The third-century crisis is a term used by historians to describe the political, military, and economic turmoil of the Roman Empire in the third century A.D. Frequent changes of rule, barbarian invasions, decline of urban centers, and the near destruction of long-distance commerce were all parts of this condition. It ended in 284 when Diocletian restored order by making fundamental changes in the Empire.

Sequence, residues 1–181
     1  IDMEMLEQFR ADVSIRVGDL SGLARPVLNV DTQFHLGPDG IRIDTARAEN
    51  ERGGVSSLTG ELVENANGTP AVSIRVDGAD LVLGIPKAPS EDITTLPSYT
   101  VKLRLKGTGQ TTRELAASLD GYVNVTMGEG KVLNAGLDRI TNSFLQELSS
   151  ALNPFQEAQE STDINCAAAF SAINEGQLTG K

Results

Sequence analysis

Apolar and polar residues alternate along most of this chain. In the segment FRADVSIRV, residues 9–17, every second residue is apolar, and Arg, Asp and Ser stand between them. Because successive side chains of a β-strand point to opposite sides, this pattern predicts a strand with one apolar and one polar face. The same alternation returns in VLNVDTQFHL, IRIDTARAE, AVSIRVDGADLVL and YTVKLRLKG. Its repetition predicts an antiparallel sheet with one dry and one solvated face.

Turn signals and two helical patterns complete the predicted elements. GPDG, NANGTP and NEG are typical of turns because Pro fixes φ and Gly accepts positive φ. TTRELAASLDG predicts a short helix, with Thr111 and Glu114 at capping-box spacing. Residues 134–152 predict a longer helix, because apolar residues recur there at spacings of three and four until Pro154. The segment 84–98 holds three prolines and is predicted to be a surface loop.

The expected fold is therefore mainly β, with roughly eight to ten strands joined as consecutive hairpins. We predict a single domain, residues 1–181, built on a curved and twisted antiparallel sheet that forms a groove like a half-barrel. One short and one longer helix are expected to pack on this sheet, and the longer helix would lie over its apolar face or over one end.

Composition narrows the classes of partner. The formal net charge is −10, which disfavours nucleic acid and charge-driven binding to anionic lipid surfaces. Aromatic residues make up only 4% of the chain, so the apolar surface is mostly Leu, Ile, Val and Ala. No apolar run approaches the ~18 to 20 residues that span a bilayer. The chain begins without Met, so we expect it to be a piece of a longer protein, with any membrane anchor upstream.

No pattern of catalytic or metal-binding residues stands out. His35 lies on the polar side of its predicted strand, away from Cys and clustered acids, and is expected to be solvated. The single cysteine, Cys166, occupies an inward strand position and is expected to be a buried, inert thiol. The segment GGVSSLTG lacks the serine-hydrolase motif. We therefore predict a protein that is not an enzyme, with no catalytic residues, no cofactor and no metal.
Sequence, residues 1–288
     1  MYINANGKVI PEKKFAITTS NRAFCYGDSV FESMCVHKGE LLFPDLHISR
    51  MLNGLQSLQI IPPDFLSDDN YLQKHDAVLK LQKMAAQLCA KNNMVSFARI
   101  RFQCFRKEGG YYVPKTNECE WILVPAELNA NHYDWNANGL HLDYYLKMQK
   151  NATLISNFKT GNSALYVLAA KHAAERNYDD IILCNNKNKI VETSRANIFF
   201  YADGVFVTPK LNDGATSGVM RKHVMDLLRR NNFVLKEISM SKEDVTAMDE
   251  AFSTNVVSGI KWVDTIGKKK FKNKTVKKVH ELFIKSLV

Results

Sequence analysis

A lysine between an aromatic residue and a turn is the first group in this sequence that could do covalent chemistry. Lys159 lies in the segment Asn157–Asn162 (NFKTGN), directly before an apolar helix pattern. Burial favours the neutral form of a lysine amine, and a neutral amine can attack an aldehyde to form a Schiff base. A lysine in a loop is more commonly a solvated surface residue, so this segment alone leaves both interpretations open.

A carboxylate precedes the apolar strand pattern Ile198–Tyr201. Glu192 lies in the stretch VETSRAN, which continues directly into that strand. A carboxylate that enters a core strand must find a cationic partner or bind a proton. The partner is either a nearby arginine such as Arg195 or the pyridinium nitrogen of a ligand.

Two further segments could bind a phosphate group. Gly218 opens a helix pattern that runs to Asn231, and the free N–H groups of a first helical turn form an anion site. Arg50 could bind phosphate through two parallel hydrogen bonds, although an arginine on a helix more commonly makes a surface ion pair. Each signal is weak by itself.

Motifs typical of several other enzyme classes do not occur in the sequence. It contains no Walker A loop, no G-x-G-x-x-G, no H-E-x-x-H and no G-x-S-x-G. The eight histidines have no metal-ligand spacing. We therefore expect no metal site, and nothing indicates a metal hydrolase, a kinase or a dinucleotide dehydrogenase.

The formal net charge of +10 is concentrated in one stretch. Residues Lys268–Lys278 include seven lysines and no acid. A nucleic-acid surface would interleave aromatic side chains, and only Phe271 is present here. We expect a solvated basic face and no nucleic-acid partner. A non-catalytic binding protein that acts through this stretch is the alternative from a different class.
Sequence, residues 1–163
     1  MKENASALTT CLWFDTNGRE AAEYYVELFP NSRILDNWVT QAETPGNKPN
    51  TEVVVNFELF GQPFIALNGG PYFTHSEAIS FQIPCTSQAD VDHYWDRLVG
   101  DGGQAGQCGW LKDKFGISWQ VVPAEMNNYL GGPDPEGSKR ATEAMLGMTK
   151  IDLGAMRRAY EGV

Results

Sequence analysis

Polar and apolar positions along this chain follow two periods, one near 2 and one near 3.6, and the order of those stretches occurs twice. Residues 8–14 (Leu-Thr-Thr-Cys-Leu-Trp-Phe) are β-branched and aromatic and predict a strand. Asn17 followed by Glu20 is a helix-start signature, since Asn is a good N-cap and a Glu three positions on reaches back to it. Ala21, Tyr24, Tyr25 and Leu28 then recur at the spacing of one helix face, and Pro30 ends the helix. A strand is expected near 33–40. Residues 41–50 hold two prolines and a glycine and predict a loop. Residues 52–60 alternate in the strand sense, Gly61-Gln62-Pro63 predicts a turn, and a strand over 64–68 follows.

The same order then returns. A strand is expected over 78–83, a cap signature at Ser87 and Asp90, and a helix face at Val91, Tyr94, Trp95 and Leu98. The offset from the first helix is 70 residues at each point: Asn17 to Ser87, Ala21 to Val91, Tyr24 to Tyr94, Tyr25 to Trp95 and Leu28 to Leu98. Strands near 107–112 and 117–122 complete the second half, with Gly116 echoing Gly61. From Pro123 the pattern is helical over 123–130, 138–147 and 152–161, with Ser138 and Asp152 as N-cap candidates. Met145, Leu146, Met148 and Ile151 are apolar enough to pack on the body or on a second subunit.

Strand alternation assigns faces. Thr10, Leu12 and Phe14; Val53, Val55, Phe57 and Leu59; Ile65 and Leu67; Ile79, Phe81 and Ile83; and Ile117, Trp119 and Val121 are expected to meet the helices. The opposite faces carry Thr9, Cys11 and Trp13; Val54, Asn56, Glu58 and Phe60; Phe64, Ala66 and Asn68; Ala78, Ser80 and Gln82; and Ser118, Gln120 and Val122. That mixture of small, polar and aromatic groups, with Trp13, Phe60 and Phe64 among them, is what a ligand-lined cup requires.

Historians evaluating archaeological evidence have determined from changes in the size of skeletons during this period the depth of famine that afflicted Europe during this, and later periods of the Roman decline.
The Earth and Its Peoples A Global History, Bulliet et al., 2005.